The U.S. Federal Reserve stepped up its consumer protection efforts for the second time in less than a week on Monday, proposing to limit the ability of gift card issuers to impose excessive fees.

The Fed proposed banning any fees for the first year, and limiting gift card issuers to one fee per month if the card is not used for at least a year. It also requires clear disclosure to the consumer about possible penalties.

Last week the central bank banned overdraft fees on automated-teller-machine and debit-card transactions unless consumers have actively selected an overdraft protection service.

The rules would protect consumers from certain unexpected costs and would require that gift card terms and conditions be clearly stated, the Fed said in a press release.

The rules would also prohibit the cards from expiring before five years have passed from the date the card was issued or five years from the date additional funds were added to the card.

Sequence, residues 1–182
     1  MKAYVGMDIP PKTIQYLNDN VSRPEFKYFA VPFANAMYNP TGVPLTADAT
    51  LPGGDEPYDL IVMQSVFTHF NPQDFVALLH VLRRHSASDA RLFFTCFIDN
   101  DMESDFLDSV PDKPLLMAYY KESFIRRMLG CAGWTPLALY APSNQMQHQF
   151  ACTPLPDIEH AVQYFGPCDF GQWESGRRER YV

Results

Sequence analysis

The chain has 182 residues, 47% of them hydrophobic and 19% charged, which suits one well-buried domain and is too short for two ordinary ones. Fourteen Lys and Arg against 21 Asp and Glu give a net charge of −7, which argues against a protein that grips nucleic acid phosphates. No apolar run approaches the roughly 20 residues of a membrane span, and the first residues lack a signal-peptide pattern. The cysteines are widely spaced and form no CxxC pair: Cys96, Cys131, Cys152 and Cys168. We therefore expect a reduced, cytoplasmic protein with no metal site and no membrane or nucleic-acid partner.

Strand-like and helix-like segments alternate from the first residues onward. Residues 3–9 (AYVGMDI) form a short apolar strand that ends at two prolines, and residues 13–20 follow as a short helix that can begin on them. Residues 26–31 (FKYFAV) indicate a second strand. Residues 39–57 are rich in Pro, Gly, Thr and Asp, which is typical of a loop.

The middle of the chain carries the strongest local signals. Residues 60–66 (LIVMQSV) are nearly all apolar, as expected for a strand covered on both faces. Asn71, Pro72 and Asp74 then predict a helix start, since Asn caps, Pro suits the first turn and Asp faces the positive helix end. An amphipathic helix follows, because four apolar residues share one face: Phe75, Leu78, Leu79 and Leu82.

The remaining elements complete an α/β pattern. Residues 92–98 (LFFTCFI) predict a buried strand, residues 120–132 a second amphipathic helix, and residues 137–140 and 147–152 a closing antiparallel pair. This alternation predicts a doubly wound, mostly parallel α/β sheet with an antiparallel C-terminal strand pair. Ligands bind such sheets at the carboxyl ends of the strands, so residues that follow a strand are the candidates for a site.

Gift cards are essentially an interest free loan to the issuer from the purchaser.

The Fed has come under fire in recent months for not taking an active role in its duty to protect consumers.

The Obama administration has proposed creating a separate Consumer Financial Protection Agency that would focus exclusively on consumer issues. Congress still has to approve its creation.

The Fed has stepped up consumer protection efforts since that agency was proposed. In September it proposed credit card rules that would shield customers from costly fees.

It also said it would investigate consumer complaints against financial companies that are not banks and barred mortgage brokers from earning more when they sell high-cost loans.

Senate Banking Committee Chairman Christopher Dodd has proposed stripping the Fed of its authority to regulate banks, calling the institution's performance as a regulator an abysmal failure.

(Reporting by Corbett B. Daly; Editing by Neil Stempleman)